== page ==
Thursday, March 15, 2018

"The Public Hero" by Robert S. Levinson

Ellery Queen's Mystery Magazine, January-February 2018, p. 168-177

Linda Landrigan of Alfred Hitchcock's Mystery Magazine and Janet Rudolph of Mystery Readers International spread the word that Los Angeles reporter, public relations executive, producer, and crime fiction writer Robert S. Levinson died March 13 from pneumonia.

Having enjoyed Bob's Neil Gulliver & Stevie Marriner novels, I got to know him as a fellow member of the Short Mystery Fiction Society, where his stories received three Derringer Award nominations and one win.

His most recent EQMM story follows 1979 Hollywood P.I. Rufus Reed, his quick shooting having foiled a bank robbery. Notoriety gets him hired as security for Sky Diver and the Sky Dwellers. He's with the band when an armed intruder gets to them, charging plagiarism. Though that incident lands Rufus in the hospital, he's approached by a man who offers to make him the subject of a movie.

Like much of Bob's fiction, "The Public Hero" is steeped in Hollywood lore. Its outcome particularly shows that even the savviest person can be taken with such glamorous promise.

Monday, March 12, 2018

"The Lighthouse and the Lamp" by William Dylan Powell

Ellery Queen's Mystery Magazine, January-February 2018, p. 31–42

William Dylan Powell
Unlicensed Corpus Christi, Texas P.I. Billy is intrigued when his elderly friend Clarabelle Mayhew claims to have a true-to-legend, wish-granting magic lamp. Despite Clarabelle's certainty her wishes came true by magic—including $1 million cash on her doorstep—Billy remains skeptical. He talks Clarabelle into letting him observe covertly when she makes her next wish.

Though, as Billy suspects, there's no magic involved, "The Lighthouse and the Lamp" stands out to me because there's no crime, either, but quite a mystery.

Tuesday, March 06, 2018

"The Avenging Angel" by John Lantigua

Ellery Queen's Mystery Magazine, March-April 2018, p. 91–100

Remembering journalist Lantigua's Willie Cuesta P.I. novels, I'm pleased to see Willie in the pages of EQMM. In this case, he's hired by Carlos Miranda, a former El Salvadoran gang member who has fled to Miami's Little Havana to reform, but who is paranoid the gang has sent an "avenging angel" to kill him.

Finding that Carlos's suspect also claims he only wants to reform, Willie brokers a meeting between them, but remains wary of trusting either, as must readers.

Sunday, March 04, 2018

"Victory Garden" by G.M. Malliet

G.M. Malliet
photo by Joe Henson
Ellery Queen's Mystery Magazine, March-April 2018, p. 69-72

The current issue of EQMM includes a number of very short stories that pack surprising punch.

For much of this one, set in the middle of World War II, protagonist Carol presents herself the type of woman who would never divorce overweight, overbearing Silas, despite years of mistreatment.

Her veil of concern for the societal norms of the time obscures Carol's feelings and plans from other characters and readers alike until the very last word.

Tuesday, February 27, 2018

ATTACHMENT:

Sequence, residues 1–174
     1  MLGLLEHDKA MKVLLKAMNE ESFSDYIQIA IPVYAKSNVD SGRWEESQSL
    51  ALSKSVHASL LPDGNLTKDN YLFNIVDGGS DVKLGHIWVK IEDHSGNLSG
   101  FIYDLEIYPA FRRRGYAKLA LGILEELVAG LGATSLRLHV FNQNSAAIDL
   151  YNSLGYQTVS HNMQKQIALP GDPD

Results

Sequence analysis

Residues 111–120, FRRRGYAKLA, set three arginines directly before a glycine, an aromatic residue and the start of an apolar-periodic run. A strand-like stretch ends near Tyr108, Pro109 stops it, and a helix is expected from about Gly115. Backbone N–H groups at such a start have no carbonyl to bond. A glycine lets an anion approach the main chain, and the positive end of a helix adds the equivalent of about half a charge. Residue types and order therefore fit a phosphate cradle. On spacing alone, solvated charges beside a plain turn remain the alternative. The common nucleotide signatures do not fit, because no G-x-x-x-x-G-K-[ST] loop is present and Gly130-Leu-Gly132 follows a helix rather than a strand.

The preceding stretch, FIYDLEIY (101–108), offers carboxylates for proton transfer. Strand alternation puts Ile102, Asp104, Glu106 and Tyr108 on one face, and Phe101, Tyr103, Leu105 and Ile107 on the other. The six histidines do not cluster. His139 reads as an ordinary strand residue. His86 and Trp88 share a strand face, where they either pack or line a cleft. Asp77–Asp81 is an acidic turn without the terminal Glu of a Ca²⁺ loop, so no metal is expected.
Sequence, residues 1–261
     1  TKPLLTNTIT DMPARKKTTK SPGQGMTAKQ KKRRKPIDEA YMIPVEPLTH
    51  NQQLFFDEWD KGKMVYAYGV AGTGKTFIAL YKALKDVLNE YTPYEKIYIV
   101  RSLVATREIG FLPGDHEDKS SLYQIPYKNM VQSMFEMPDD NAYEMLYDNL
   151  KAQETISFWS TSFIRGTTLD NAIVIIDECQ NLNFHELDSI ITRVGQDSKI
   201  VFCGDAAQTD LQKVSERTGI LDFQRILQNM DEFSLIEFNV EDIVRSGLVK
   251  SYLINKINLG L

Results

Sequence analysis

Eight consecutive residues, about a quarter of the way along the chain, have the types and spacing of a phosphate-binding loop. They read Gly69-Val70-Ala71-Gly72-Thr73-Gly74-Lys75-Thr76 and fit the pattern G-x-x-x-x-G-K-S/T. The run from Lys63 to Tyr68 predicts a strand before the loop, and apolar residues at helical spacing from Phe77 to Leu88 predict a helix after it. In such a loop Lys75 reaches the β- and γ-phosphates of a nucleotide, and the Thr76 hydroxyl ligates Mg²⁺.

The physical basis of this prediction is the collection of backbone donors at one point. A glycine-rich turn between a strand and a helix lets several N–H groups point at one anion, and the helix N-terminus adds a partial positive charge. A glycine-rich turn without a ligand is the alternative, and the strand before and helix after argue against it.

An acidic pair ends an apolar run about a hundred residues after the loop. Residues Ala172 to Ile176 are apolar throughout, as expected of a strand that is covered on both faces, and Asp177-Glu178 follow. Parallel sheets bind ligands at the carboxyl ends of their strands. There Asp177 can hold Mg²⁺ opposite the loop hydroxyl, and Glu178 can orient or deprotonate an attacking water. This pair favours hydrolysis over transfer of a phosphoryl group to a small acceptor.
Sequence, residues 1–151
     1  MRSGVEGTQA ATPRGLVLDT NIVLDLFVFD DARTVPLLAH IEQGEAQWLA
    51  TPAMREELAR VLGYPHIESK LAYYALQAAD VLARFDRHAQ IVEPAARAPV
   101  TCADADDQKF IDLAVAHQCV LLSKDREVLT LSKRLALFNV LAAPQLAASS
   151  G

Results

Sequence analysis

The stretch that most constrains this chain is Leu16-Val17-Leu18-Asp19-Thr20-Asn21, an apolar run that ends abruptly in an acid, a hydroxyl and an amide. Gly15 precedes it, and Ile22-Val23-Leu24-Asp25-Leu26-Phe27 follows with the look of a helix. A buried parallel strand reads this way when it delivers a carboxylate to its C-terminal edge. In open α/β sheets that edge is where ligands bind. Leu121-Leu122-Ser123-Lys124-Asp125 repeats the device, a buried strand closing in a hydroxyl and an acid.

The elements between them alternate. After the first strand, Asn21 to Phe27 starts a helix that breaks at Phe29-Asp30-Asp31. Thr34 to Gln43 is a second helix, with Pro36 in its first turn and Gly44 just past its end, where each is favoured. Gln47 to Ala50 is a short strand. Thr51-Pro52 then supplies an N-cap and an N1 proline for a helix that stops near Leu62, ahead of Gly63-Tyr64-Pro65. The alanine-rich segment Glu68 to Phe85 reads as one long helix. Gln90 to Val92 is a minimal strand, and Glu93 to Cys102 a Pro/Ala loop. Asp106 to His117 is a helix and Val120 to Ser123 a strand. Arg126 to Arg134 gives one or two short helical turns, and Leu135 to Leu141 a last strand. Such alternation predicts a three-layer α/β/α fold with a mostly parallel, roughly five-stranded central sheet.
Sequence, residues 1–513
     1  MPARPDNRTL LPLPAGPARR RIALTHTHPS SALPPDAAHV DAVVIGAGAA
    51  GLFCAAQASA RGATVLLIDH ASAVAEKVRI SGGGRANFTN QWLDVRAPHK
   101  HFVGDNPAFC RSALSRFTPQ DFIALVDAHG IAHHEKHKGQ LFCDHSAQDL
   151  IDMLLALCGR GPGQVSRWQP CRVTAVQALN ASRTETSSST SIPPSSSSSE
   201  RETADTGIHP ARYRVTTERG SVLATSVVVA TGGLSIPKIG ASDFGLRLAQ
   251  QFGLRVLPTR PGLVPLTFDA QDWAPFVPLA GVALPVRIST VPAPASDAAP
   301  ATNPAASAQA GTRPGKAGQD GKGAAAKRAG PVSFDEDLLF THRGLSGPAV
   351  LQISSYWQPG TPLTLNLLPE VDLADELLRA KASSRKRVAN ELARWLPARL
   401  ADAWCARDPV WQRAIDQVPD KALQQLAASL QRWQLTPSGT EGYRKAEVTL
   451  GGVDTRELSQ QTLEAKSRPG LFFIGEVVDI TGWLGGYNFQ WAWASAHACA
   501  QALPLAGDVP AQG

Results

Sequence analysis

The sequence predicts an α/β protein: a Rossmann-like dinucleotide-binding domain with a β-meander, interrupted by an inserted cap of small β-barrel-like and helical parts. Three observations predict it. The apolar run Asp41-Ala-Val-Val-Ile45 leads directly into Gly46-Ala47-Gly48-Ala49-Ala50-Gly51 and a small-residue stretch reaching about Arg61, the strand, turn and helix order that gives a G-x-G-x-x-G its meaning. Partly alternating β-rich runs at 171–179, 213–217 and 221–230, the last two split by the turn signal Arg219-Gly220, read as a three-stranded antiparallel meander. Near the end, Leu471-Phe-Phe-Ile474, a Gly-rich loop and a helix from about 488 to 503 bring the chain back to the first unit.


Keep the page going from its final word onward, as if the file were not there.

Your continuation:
"Cleopatran Cocktails" by William Burton McCormick

Ellery Queen's Mystery Magazine, March-April 2018, p. 88-91

In two-and-a-quarter pages of first-person present tense narration, author McCormick gets into the mind of a woman obsessed with world records as she works up the nerve to break a museum display case and steal a pearl necklace worth $30 million.

Her goal, though, isn't to keep the prize but to dissolve the pearls in vinegar and drink them—surpassing Cleopatra VII of Egypt's drinking a single $15 million pearl, which the narrator calls "the world's most expensive breakfast."

Tuesday, February 20, 2018

"Double Deck the Halls" by Gretchen Archer

Henery Press, 2017

The annual Bethesda, Maryland convention Malice Domestic has announced its 2017 nominees for the Agatha Awards, honoring traditional mysteries as typified by the works of Agatha Christie, containing no explicit sex, excessive gore, or gratuitous violence. An April 2018 vote of Malice attendees will determine the winners. In the meantime, as part of the announcement, the Best Short Story nominees are freely available online.

Gretchen Archer's nominated story takes place in the world of her Davis Way series. Davis is the lead undercover investigator for a Mississippi resort and casino, but this particular story is told by Davis's grandmother, Dee, who finds herself captured by a Santa's elf who has strapped a bomb to Davis's friend, Bianca.

Archer's previous short stories have gone into the viewpoints of various characters in Davis's circle, and Granny proves quite the character, resourcefully trying to save Bianca while a captive herself.

Tuesday, February 13, 2018

Bill Crider (1941-2018)

Our own Bill Crider died yesterday, having battled cancer since July 2016. From his brother, Bob, who's been updating his Facebook friends:

My brother, Bill Crider, passed away this evening at 6:52 PM CST, Monday February 12, 2018. It was a peaceful end to a strong body and intellectual mind. Services pending and will be announced later.

I chatted briefly with Bill at Bouchercon 2017 in Toronto, where he was his usual good-natured self on panels. We met in person at my first Bouchercon, 2008 in Baltimore. Meanwhile, virtually, he always commented on my birthday blog posts. The smallest gestures can be the kindest.

I regret we won't share another con, but his wisdom, wit, and friendship will remain with me and all of us here at Nasty. Brutish. Short.